Taking dyslexia as a specific example, a recent study has suggested that schools could be failing to diagnose up to 80% of cases, and many children who struggle in their formative years are just dismissed as being “slow learners”.

This was certainly the case for our founder and CEO, Ross Linnett, who did not discover he was dyslexic until he was 22 and already a university graduate. It wasn’t until a close friend with experience of dyslexia suggested that he might have the condition that Ross was diagnosed and provided with assistive technology. It was helpful but limiting, mainly because it was based on access to just one computer. Hence the idea for Recite Me was born…

Assistive Technology as a Learning Aid

Ross founded Recite Me when he realized that traditional assistive technology wasn't helping him access the web as effectively as it should be in today’s digital age. He created the company with a clear vision that cloud-based software was the future for people who use multiple devices such as smartphones, tablets, and desktop computers. He asserted that if cloud-based solutions make sense for sharing files (e.g. Dropbox) and listening to music (e.g. Spotify), then this should also be the case for assistive technology.

Recite Me is now a global enterprise SaaS company with clients across the UK, Europe, Australia, and America. Our unique assistive toolbar is an accessibility solution that allows users to customise a website in the way that works best for them, and in doing so compensates for a broad spectrum of barriers including:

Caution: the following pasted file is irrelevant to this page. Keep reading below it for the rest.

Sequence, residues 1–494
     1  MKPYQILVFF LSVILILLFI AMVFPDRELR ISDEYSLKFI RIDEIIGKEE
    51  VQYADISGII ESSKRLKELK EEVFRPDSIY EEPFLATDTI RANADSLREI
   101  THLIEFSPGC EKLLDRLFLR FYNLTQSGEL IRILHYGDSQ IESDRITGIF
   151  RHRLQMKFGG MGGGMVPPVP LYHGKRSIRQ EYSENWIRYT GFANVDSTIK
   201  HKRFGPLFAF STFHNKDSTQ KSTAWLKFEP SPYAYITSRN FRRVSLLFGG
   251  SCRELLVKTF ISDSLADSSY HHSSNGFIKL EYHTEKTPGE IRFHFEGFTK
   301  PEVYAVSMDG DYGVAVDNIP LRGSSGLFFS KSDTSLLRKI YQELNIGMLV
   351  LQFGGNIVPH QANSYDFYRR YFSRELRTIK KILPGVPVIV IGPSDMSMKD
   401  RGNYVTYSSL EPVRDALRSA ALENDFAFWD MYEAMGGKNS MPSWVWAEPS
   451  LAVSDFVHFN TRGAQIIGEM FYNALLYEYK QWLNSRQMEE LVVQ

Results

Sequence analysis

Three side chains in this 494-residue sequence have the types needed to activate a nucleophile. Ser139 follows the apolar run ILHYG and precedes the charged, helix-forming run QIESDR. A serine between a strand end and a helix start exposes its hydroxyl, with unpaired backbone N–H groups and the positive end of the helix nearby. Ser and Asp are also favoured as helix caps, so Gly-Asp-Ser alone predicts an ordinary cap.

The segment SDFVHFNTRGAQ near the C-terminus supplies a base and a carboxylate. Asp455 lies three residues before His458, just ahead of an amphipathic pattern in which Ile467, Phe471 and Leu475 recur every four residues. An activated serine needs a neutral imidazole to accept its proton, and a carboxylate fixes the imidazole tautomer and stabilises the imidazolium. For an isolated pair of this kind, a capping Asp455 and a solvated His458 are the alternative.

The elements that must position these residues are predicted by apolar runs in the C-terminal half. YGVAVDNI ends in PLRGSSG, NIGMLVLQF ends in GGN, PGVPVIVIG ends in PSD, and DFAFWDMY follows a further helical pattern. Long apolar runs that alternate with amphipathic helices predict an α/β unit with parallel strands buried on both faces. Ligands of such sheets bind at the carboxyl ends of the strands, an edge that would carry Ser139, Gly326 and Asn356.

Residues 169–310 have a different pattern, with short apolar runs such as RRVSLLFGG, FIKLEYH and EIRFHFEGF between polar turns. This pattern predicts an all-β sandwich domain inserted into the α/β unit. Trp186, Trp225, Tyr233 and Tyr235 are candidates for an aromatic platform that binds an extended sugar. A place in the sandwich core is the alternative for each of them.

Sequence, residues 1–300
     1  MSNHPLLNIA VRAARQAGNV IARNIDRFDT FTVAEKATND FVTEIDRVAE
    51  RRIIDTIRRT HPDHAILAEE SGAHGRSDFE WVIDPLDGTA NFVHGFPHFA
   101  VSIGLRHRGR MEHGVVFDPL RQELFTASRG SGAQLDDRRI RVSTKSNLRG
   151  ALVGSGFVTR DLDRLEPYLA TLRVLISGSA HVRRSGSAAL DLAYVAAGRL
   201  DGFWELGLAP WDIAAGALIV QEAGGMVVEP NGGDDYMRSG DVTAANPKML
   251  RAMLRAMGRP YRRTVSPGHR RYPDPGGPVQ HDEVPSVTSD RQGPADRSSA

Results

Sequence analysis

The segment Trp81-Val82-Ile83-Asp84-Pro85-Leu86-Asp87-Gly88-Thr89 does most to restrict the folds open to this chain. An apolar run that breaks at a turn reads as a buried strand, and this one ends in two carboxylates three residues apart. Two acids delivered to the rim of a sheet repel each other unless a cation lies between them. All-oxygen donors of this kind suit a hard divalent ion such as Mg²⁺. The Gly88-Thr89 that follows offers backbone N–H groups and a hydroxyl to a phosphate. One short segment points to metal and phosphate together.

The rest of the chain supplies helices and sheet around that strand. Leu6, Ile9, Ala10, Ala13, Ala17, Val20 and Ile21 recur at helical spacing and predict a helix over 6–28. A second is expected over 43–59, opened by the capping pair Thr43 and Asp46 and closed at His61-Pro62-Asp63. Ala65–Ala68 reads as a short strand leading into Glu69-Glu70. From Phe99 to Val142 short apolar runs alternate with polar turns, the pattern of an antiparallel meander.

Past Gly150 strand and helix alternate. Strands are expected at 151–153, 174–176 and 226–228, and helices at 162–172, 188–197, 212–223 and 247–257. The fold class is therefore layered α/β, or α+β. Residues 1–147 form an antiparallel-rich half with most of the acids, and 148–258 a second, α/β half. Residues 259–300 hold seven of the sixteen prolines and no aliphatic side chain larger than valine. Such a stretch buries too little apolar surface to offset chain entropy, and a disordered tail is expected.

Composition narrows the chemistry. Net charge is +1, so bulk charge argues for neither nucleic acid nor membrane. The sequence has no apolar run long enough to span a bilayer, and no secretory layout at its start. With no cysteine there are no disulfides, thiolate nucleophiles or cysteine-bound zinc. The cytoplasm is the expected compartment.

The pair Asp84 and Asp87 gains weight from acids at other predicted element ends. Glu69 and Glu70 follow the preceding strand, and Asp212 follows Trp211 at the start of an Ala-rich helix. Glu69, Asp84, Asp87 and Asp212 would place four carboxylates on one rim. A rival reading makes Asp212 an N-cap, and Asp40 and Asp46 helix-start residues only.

• Visual impairments
  • Deafblindness
  • Colour blindness
  • Dyslexia
  • Hyperlexia
  • Dyspraxia
  • ADHD
  • Speaking English as a second language
  • Epilepsy
  • Mobility and physical impairments

A Message to Educators

Access to education and skills training is vital in order to achieve economic growth and personal success, and at Recite Me we believe that children need to be supported from a young age to adequately prepare them for adult life and employment. Every stage of education should be inclusive, and all students need to be able to easily access information online. To that end, we already work with some incredible children’s organisations and educational institutions, including:

  • Just 4 Children
  • Children in Scotland
  • International Schools Partnership
  • Multiple universities, colleges, and student union bodies across the UK
  • Children and Adult Disability and Educational Services (CADES) in the USA

We encourage all businesses and institutions in the education and training sector to join us in helping young learners, and in doing so play their part in shaping our culture, society, and economy for the better. By working together to improve access to skills and education we can make a real difference, and in providing assistive technology, organisations can become truly accessible to students with disabilities, learning difficulties, visual impairments, and those who speak English as a second language.

"We wanted to make sure our website was accessible to as many people as possible. There are so many different features on the Recite Me toolbar that it covers everything from an accessibility and language perspective. The team at Recite Me are very proud and passionate about their software and have been great to work with."

Amy Simpson, Head of Digital Communications, Cranfield University

We invite you to read some of our case studies, and if you’d like to see more you can book a demo of the Recite Me assistive toolbar by contacting our team.